“Well, we’re hardwired not to accept our own demise. Daffodils are a lot more chill about it.”
“Okay, but we can be like daffodils together.”
I would actually recommend not reading the synopsis. If you’re going to read the book, don’t read the synopsis, just skip to the second paragraph. Honestly, don’t read the review either. The less you know going into this book the better.
Ambrose wakes up on the Coordinated Endeavor, with no memory of the launch. There is evidence that shows that strangers have been on board, the ship’s operating system sounds like his mother, and he has a handsome, brooding shipmate that isn’t supposed to exist, but has barricaded himself away. However, none of these things will stop Ambrose from making his mission of rescuing his sister a success. As thing progress, Ambrose and Kodiak will need to work together to learn and trust one another especially once they discover what they are truly up against. Love might be the only way to survive.
This book was a lot more than queer cinnamon rolls in space and I struggle with deciding how much to say in this review. This is one of those books that is definitely better the less you know going in because it goes somewhere that most people won’t even consider. The blurb doesn’t really do it justice, but if it did do it justice than readers would probably know too much about it to get the full experience. I would honestly just recommend checking it out if it sounds like something that you would be interested in.
Ambrose and Kodiak are cute together and this feels a bit like a slow-burn romance the way that their relationship unfolds. On page their relationship isn’t graphic, but it is implied that they have sex at one point. However, on the page, it’s all chaste kisses and light caresses. However, this book is more than a space romance. There is a mystery/thriller aspect to this book that needs to be played up a bit more so that people don’t just keep going into this book thinking that they’re just going to get a mlm space romance. There is a mlm romance, but the mystery/thriller plot line is actually the main one in my opinion. Sure, the romance is nice and cute, but even the romance takes second stage when the other plot line really gets going.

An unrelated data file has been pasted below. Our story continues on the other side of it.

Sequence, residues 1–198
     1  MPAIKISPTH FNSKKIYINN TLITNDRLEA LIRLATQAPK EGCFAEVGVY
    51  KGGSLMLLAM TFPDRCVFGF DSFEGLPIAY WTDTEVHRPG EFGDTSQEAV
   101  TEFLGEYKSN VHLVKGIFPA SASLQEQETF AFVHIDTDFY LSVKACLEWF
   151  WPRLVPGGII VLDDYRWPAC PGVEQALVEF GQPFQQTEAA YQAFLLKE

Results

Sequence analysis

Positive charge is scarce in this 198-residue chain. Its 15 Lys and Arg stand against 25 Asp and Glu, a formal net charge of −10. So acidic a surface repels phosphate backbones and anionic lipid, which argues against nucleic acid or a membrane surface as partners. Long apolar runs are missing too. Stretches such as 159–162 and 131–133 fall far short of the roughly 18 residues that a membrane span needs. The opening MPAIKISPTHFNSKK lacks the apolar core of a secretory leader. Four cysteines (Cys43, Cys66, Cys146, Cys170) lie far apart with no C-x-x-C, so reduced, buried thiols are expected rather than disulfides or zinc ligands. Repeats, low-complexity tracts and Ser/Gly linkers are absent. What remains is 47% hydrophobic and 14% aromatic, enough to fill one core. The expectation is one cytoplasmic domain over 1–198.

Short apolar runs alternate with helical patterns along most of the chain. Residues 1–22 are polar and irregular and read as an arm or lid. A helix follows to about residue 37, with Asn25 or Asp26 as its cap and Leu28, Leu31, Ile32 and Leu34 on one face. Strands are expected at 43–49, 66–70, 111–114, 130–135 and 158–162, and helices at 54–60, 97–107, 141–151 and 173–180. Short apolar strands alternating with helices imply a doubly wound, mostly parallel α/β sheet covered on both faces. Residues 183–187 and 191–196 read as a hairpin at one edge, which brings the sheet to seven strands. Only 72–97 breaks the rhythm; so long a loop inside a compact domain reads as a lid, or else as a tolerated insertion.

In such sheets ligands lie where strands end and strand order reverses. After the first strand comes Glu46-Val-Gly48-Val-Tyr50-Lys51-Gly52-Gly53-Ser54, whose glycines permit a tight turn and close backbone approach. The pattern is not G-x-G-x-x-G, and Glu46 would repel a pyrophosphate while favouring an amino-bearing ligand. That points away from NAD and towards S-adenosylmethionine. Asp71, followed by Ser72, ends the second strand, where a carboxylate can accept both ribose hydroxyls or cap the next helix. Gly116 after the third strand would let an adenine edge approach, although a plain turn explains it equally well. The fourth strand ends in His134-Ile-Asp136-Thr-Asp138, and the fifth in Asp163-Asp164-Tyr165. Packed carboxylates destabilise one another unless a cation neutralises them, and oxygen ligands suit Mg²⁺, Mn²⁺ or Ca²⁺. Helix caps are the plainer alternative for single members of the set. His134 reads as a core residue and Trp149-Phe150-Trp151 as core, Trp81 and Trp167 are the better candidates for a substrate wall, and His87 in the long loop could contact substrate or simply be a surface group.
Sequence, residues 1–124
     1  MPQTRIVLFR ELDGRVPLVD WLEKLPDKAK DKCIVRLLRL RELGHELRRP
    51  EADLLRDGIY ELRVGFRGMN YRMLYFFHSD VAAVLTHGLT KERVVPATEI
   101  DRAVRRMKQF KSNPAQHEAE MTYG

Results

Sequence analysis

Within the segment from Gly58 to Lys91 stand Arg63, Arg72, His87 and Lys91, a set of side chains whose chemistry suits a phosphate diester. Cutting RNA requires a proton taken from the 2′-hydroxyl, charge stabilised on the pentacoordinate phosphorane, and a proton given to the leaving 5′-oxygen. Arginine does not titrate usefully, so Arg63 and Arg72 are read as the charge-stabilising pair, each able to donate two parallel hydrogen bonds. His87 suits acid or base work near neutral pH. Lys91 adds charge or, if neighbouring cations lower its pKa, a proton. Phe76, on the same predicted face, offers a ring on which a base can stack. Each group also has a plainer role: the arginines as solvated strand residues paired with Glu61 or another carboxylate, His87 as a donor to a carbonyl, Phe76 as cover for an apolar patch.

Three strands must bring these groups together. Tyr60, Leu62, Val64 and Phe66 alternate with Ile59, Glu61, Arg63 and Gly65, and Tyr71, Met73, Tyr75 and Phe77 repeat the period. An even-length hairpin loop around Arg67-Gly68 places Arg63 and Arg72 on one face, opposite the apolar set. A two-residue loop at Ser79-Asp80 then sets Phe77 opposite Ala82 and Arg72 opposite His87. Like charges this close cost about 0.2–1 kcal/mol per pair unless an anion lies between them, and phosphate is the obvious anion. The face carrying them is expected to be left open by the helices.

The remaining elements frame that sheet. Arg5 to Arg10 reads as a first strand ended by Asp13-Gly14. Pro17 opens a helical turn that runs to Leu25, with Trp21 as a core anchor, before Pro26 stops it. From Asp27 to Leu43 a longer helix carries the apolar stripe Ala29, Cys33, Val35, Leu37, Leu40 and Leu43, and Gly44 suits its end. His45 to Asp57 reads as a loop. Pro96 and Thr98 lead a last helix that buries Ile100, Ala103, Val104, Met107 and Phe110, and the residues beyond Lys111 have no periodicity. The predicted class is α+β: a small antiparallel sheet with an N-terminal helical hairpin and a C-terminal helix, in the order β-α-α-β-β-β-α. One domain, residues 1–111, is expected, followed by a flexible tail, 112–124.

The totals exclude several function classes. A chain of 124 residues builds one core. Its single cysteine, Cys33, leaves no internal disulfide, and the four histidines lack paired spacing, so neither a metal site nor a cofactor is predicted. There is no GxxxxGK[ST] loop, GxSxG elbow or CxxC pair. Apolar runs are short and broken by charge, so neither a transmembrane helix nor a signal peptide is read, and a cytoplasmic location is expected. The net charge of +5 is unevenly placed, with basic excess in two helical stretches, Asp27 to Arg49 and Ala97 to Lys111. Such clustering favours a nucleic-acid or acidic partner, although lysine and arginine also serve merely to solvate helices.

I know this is a short review, but I really don’t want to give away anything about this book before people read it. I would say that people who enjoy space thrillers, cute romances, and space travel books would enjoy it. Also, someone looking for enemies to lovers or slightly menacing A.I. systems may find a lot of joy in it. I’ll admit to not being interested in most of Schrefer’s other books, but I would be open to reading more by him in the future. Most of his current back catalog is middle grade and I’m not interested in most books from that age group.
Have you read The Darkness Outside Us? What did you think? No spoilers please!
Length: 416 pages
Published: June 1, 2021 by Katherine Tegen Books
Trigger Warnings: Death of a Character, Blood, Vomit, Electric Shock, Implied Sex, Graphic Depiction of an Injury
Also by: The School for Dangerous Girls (2009), Mez’s Magic (2018), Out Now: Queer We Go Again! (2020), The Darkness Outside Us (2021), and more.
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